Olympia approves zoning changes to allow mixed-use development in Evergreen Park


The Olympia City Council approved changes to the Evergreen Park Planned Unit Development (PUD) zoning regulations to allow mixed-use commercial and multifamily development.

The approval was based on Hearing Examiner Mark Scheibmeir's recommendation on January 11 to amend the Evergreen Park PUD, a longstanding model separating commercial and housing development uses for over 50 years.

On Tuesday, March 5, Jackson Ewing, associate planner with the Community Planning and Economic Development (CP&D), presented to the council the proposal, which sought to amend the allowed uses within the retail commercial zone of the PUD by permitting multifamily housing as an additional use.

"The amendment is to provide additional flexibility and uses,” Ewing explained.

Ewing said the Evergreen Park PUD, located northwest of the I-5/101 freeway interchange and west of Capitol Lake, contains a mix of commercial, retail, government, and residential uses. The largest developments are the Olympia Hotel and Thurston County Courthouse.

Historically, Ewing said the southern half of the PUD -- the subject of the amendment -- has been used strictly for retail/commercial uses. The northern half is developed as a mix of residential uses.

In May 2022, representatives from the Olympia Hotel filed a petition seeking approval to modify the Evergreen Park PUD. They aimed to amend the portion of the PUD restricted exclusively to retail and commercial uses to permit residential and multifamily housing within that zone. The petition's goal was to allow for the conversion of the Olympia Hotel property into a multifamily apartment building.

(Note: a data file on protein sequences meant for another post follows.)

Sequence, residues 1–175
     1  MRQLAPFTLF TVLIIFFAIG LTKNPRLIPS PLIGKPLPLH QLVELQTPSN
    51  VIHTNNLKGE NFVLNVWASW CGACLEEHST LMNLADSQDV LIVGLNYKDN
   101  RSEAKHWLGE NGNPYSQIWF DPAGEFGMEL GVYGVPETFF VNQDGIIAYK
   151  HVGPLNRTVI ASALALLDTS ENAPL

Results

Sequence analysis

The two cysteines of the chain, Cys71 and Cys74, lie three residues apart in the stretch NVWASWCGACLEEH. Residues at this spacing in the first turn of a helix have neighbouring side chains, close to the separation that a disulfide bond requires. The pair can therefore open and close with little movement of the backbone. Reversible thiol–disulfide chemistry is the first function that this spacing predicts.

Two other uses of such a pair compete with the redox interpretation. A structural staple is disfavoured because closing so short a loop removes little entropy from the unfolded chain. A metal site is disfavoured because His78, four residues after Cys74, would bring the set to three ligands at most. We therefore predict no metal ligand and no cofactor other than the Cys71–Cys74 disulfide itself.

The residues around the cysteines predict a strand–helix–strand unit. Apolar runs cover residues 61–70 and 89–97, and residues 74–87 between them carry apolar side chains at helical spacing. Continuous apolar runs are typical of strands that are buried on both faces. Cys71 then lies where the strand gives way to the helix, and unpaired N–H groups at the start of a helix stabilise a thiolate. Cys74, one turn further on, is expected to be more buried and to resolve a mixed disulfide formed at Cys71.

Ewing said the applicant initially came to the city with a presubmission conference. The city staff reviewed the application and provided public outreach regarding the project.

Ewing noted that the public was concerned about the following:

  • The increased housing would bring more crime and security issues to the area
  • Loss of jobs and meeting space at the Olympia Hotel
  • Concerns about the diminished value of commercial office space

The associate planner added that the application review focused on the city's Comprehensive Plan, specifically housing, transportation, climate, and equity. "The project was found by city staff and the Hearing Examiner to be consistent with the Plan's goals and policies."

 He said the hearing examiner recommended the adoption of the PUD amendment.

During the discussion, Councilmember Lisa Parshley expressed concern about how increasing housing density in the area could impact neighborhood centers and amenities. She asked if the PUD allowed community services as more residents were added.

Olympia City Manager Jay Burney believed that as new residential units are constructed in the area, service providers will likely seek opportunities to serve the new residents and may spur other commercial properties to look at different residential conversions, which could help the city meet its different housing goals.

Councilmember Clark Gilman supported the PUD amendment but requested that the "anachronistic" designation be deleted from the Comprehensive Plan and that typical zoning designations used throughout the rest of the city be applied instead.

Before making a motion, Councilmember Dani Madrone acknowledged shared concerns about losing the venue in the community.

However, Madrone noted potential new options to fill that need. While conversions of hotels to housing have occurred elsewhere, she said it addresses an important housing requirement.

Madrone made a motion to pass the ordinance, which was approved unanimously.


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